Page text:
Continuing to see different parts of England, I headed to Oxford today with my friend Pete to see the great university that I’ve heard so much about. After just a short bus ride from London, we arrived in Oxford, and it looked exactly like I thought it would. There are many stereotypes of what England is like and so far. . . just about all of them are correct. When you see thatched roofs and sheep in the countryside it only confirms the stereotype. So we walked around Oxford seeing the different colleges throughout the town. We found our way to Christ Church College (probably the most famous one, or at least most picturesque) where we went into the quad and cathedral. Unfortunately, they didn’t tell us until we were already inside that the Great Hall, the dining hall in Harry Potter, was closed!! Ugh! So I took a picture from the outside, but it just was not the same! Apparently there was some big event celebrating the army, so rude of them to close it, didn’t they know I was coming?! After a little more wandering seeing the different colleges, we found the Turf Tavern, after accidentally passing the small pedestrian walkway where it is tucked away. Both a recommendation of Rick Steves and my mom, the Turf Tavern was a must see. It was awesome! Again, it had the stereotypical English pub look about it along with plenty of patio space where we sat outside and enjoyed some lunch and a glass of wine! Pete and I both agreed while sitting there: Life is good! After a lengthy lunch break there, we went and found some ice cream and wandered around the Christ Church Meadows, the beautiful property owned by the college along the river. Tons of people were out as it was one of the first really nice spring Saturdays. Many people were in boats floating along and we saw some of the crew teams practicing. As we walked by people in the park, we even heard a group rehearsing a play. It was so Oxford!! Every person we passed we imagined as having an outrageously high IQ and being far more important and smart than we. It might not have been the case, but it’s definitely a possibility. As we came around the meadows back toward the college, there was a cricket match going on!! Fortunately, I just learned about cricket in one of my classes the other day and could almost follow what was going on. As we stood there watching cricket, with Oxford’s spires as the backdrop and the church bells ringing, Pete commented while laughing, ‘It doesn’t get more English than this!!’ Maybe only if Prince Charles had been playing polo in the next field over. . . To finish up our day in Oxford we went to The Eagle and the Child, the pub where C.S. Lewis and J. R. R. Tolkein hung out. We got some frighteningly green beer and enjoyed it in the ‘Rabbit Room’ where the ‘Inklings’ (Lewis & co.) spent their time. While I was there I tried to soak up the wisdom that was once discussed there, and Pete and I struggled to think of a conversation topic that was worthy of such a place. The only bummer was that I didn’t plan ahead enough in advance to make an apointment to visit C.S. Lewis’s home at The Kilns, a few mintues outside of Oxford. Guess I’ll just have to go back sometime, darn 🙂 Oxford was fantastic and most definitely received an A+.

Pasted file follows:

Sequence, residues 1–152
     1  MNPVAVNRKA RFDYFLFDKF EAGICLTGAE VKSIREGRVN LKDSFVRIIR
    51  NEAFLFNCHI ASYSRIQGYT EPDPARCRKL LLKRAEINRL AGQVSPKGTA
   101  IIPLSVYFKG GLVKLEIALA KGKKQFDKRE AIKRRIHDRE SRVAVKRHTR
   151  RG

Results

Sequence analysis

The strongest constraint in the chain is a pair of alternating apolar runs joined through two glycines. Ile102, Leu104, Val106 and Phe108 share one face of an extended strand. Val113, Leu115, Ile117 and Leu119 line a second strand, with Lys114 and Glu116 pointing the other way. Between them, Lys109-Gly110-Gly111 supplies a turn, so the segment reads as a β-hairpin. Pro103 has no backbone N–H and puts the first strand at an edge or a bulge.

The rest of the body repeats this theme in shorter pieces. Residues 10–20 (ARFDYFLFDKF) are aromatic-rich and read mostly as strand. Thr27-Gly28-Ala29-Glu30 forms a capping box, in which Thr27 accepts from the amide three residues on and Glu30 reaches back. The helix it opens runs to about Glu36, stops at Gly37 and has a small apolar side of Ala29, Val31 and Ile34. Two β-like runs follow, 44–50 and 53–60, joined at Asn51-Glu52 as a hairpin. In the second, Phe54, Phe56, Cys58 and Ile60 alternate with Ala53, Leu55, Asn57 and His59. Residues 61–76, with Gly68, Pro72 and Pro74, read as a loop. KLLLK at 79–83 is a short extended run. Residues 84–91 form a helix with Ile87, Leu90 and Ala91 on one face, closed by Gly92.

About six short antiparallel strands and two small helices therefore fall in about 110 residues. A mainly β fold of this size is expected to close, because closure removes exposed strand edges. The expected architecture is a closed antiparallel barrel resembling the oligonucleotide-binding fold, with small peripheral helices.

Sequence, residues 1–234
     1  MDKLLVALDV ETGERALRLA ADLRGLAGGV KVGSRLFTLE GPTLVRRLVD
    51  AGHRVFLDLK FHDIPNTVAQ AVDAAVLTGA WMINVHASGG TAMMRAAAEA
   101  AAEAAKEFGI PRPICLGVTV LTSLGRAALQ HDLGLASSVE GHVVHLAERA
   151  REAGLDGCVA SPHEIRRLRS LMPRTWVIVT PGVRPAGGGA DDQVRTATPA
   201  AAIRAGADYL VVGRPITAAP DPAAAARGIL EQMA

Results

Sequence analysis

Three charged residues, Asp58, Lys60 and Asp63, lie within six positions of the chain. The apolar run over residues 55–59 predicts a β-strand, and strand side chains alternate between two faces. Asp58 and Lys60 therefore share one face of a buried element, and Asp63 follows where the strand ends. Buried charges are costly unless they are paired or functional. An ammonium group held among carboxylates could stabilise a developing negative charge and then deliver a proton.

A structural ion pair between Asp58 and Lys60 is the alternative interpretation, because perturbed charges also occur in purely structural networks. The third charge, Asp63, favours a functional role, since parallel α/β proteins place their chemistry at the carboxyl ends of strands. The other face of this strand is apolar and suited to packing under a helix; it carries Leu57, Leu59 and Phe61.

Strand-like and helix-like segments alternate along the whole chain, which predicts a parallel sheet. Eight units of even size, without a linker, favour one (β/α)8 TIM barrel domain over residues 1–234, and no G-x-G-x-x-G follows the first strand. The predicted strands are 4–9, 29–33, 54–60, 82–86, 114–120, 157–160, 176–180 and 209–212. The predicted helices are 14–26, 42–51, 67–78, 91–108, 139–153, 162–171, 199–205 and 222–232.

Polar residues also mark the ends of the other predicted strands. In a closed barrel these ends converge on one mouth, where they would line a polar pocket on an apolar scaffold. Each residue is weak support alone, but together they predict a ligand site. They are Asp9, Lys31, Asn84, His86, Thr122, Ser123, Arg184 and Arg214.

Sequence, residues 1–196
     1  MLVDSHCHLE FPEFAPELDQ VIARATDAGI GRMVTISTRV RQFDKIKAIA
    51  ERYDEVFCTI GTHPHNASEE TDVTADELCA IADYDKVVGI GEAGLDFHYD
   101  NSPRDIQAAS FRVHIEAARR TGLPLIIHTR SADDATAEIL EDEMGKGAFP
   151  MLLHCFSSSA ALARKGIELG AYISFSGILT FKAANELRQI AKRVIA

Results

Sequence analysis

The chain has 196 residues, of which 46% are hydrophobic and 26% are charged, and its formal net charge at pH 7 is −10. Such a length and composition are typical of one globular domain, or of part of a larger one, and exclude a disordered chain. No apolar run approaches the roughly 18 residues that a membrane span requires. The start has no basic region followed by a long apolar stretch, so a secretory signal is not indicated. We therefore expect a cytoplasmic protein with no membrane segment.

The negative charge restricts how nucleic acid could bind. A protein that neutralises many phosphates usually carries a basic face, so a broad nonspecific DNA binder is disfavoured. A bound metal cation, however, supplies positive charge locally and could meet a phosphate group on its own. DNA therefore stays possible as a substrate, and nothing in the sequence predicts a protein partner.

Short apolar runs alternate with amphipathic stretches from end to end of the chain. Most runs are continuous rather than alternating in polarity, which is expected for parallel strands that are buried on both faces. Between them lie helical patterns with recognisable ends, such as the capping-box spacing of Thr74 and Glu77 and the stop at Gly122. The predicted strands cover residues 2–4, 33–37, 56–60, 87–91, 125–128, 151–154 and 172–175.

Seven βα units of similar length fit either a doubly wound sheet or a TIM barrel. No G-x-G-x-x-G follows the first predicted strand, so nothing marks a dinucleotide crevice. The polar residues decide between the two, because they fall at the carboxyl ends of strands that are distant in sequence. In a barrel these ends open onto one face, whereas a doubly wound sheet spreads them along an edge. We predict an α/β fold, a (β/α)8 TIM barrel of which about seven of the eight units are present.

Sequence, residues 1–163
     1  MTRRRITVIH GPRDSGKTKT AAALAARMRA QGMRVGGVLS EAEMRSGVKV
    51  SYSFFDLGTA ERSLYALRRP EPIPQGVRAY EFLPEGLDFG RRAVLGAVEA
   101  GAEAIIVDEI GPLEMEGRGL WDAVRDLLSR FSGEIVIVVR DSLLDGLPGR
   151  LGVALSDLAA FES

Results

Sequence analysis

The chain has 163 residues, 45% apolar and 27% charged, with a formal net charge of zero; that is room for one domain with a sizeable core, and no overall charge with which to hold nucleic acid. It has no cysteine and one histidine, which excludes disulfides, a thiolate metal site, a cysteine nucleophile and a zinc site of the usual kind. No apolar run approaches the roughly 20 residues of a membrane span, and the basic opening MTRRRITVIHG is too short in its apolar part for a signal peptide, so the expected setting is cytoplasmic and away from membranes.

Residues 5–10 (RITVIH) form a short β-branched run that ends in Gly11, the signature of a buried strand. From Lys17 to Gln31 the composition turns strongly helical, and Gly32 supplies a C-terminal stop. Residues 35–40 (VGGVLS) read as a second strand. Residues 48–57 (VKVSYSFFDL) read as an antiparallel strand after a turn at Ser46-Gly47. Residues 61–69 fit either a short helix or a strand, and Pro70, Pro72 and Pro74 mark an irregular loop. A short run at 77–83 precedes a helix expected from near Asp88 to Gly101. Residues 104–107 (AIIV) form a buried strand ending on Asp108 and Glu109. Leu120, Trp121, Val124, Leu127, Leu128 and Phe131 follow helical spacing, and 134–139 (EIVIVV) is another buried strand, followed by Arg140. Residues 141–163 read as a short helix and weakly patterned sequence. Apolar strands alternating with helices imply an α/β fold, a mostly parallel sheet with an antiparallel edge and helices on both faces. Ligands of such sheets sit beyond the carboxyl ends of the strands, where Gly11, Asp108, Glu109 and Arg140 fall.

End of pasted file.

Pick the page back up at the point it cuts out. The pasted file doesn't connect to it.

So England and I have gotten to know each other better, and there are some amazing places here, but I’m still looking forward to returning to the States. Top three things I miss about home (excluding people, which is, of course, always first): 1) my cell phone 2) the Subaru 3) the mountains. But only two weeks until I’m back, so I think I can handle it. Off to the coastal city of Brighton next weekend, but first have to finish up some papers (or start some papers!) for school. More again soon, much love to all!